The Artisan

The Artisan. The name has reverence around the Canberra foodie community. Bad foodie that I am, I had never been until last night – and now I lament my years wasted.

My friend J moved to Adelaide a year and a half ago – she got a job close to family and friends, and I lost my most food-loving friend. Damn her! But, thankfully, J works for the Government and her trips to Canberra let me drag her out to the restaurants I want to go to. As my stomach surgery is approaching, I have made a list of a few Canberra restaurants I want to try before I can’t eat anything more than the smallest entrée – The Artisan was #2 on that list (Aubergine is #1 – yes, I know, blasphemy that I’ve never been). So J and I agree on dinner at The Artisan for her one night in Canberra before my surgery.

We arrived for our 7pm dinner and we’re sat at a table near the bar. How did they know? The space is low key, yet classic. A large curved bar dominates half the room, with tables on the opposite side and towards the entrance. The lights are dimmed, which adds ambience but does not lend for good food porn – my apologies in advance.

We are offered menus, water and an appetiser of potato skin and chorizo and tomato salsa in a cute little spoon.


I decided to leave it until we’d order – mistaaaaaake! For some reason it felt rude to start eating before we’d ordered but by the time I got to it, it was cold. Thankfully it was still delicious cold, the potato had a lovely crunch and the chorizo salsa was rich and vibrant.

The Artisan has a great wine list, most by the bottle, but I am cheap and can’t drink very much, so a decent “by the glass” list was a happy sight. I ordered the Nick O’Leary White Rocks Riesling to have with my meal, as I wanted something light and local. The wine had a crisp, tart taste that went down smoothly.

For entrée I ordered the Croquettes – Pork jowl and Gruyere croquettes with coriander mayonnaise and apple slaw.


What a beautiful dish this was, the croquettes were crunchy on the outside and warm and gooey on the inside. The filling was a good mix of gruyere and a light pink pork that work together perfectly – very moreish. The apple slaw was light and adds some freshness to the heaviness of the croquettes. The coriander mayonnaise was delicious, but under used – I wanted more!

J ordered the Scallops – Pan seared scallops with wagyu bresaola, nectarine preserve and frisèe.


Before you ask, frisèe is the “curly endive” seen on top of the dish (I had to google it). The scallops weren’t cooked with anything else, and gave off quite an “ocean taste”. I don’t like the whole sea taste thing, so I didn’t like them – but if you’re after really fresh scallops, then these are winners. The wagyu gave some richness to the dish, and the nectarine offered a sweetness that was a welcome surprise. 

For mains I ordered the Duck – Seared Grimaud duck breast with pressed confit duck leg, baby beetroot and buckwheat risotto.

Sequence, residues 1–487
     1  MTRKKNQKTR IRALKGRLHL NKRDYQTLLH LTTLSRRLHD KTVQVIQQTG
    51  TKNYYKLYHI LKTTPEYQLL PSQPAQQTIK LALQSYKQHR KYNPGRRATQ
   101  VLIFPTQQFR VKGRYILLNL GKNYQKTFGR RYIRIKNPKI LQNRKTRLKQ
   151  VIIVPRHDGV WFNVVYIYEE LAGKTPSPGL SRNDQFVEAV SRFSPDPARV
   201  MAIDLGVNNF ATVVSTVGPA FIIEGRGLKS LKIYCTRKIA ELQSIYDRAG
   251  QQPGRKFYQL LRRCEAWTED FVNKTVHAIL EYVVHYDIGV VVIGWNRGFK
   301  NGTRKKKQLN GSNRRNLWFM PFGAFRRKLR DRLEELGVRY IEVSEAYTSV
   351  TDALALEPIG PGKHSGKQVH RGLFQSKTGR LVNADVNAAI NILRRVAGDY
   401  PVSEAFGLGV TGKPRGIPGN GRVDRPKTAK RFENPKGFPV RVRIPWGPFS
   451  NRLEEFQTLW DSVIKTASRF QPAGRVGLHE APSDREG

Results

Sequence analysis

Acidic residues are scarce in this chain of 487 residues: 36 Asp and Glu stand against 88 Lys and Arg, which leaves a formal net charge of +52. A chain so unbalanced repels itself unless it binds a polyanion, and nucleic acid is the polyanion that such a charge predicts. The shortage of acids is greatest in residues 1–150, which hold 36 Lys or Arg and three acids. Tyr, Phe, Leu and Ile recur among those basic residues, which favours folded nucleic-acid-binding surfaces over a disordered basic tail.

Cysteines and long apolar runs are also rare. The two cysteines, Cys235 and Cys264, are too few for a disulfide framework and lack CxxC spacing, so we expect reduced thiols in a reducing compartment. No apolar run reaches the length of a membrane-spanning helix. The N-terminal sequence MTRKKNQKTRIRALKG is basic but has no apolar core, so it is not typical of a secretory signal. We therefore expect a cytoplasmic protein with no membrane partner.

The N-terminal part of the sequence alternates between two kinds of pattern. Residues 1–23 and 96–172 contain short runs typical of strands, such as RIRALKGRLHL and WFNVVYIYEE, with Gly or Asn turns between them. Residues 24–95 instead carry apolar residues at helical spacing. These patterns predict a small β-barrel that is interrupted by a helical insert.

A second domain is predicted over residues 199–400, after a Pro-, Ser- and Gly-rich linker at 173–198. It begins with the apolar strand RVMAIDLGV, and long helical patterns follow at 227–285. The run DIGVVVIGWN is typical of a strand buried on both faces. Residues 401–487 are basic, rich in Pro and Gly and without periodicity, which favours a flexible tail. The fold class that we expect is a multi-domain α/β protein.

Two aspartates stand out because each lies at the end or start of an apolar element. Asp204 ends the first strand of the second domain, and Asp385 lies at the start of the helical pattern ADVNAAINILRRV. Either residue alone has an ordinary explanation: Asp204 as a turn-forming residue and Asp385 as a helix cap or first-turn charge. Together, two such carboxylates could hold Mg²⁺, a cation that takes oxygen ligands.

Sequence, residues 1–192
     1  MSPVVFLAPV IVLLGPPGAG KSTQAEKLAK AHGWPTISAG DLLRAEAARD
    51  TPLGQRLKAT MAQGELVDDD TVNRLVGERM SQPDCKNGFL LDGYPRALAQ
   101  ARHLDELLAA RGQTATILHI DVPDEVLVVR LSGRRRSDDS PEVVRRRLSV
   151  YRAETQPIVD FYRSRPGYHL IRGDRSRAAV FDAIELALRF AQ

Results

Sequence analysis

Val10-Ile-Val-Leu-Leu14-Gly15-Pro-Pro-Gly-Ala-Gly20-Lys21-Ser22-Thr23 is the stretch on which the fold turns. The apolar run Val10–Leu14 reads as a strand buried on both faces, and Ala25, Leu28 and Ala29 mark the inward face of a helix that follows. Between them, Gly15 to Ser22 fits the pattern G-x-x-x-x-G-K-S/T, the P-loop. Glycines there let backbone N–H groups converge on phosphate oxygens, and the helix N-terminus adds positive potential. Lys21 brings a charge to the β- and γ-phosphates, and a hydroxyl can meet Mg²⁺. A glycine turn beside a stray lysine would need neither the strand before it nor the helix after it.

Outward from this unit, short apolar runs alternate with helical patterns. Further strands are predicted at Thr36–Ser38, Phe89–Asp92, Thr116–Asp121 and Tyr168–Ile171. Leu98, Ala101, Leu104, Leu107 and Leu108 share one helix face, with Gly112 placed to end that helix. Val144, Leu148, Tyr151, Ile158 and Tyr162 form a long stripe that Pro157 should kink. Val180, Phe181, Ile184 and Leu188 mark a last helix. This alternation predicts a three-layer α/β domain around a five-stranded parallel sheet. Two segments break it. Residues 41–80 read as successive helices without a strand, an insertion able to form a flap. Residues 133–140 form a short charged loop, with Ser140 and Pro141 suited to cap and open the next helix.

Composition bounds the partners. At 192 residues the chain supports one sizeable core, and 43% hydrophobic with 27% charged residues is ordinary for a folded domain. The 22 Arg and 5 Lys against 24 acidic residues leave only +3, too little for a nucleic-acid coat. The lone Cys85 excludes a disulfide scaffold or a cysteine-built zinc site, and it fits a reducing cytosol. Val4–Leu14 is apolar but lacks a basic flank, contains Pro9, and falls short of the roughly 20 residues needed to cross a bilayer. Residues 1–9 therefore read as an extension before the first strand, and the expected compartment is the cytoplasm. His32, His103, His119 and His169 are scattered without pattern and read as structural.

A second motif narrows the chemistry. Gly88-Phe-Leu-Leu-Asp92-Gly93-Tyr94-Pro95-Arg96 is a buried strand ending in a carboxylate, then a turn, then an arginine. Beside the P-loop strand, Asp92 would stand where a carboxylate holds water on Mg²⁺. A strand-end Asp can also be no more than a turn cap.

I liked a lot about this dish; the perfectly cooked duck breast, the small salad of pickled radish and beetroot, and the crispy skin of the pressed confit duck. However, there was a few elements I wasn’t sold on; the pressed confit duck leg was more salty than I would have liked and the buckwheat risotto had a strange earthy flavour that left me undecided on whether I liked it or not.

Overall I enjoyed my main, but I’m not sure I’d order it again – sadly, what I enjoyed was outweighed by what I didn’t.

 J ordered the Beef – Pure Black eye fillet with smoked potato soufflè, roast garlic, port jus and horseradish mustard.


I tried some of the beef and it was delicious, such a strong pleasant flavour that just sits in your mouth (where you want it to stay forever). The potato soufflé was light and fluffy, and provided a nice offset to the powerful flavour of the beef. This is a hearty, soul warming dish that suited the gathering cold evening perfectly.

For dessert, we decided on the Dessert assiette – a tasting plate of:

Panna Cotta – Hibiscus panna cotta with orange blossom honeycomb, elderflower sorbet and popping candy

Ballen – Lemon curd filled doughnuts with toasted Italian meringue and candied lemon

Pavé – Bitter chocolate and ginger pavé with caramel sauce, spiced lemon sorbet and chocolate pearls


The Panna Cotta was smooth and creamy, although it lacked on any obvious flavour. The pop rocks on top were fun and made for a nice texture mixture when scooped up with the Panna Cotta. The elderflower sorbet was beautifully sweet and the orange blossom honeycomb was moreish.


The Ballen was probably my favourite dessert on the plate. The meringue was fluffy and sweet and the candied lemon was chewy and sticky. The donuts were filled with a delicious lemon curd, that was not too tart or sweet – it was just right.


The Pavé was a decadent slice of chocolate heave, a smooth mousse like top and rich cake bottom, served with a delightfully tangy lemon vodka sorbet and small bits of dark chocolate. I didn’t taste the ginger, sadly, but my friend said she could (I must have eaten from the wrong end!).


The service at The Artisan was faultless. The two staff members who looked after us were friendly, knowledgeable, efficient and attentive – my glass of water was never empty, but it never felt like they had nothing to do or were “hovering”.

The Artisan is a lovely place, classy without any pretentiousness. I would definitely recommend this as date material (who’s offering?), or even just for when you want a nice meal out. It’s a tad on the pricey side (we spent $85 each with entrée, main, dessert and a glass of wine) – but for the quality of food and service you receive, it is well worth it.

The Artisan on Urbanspoon


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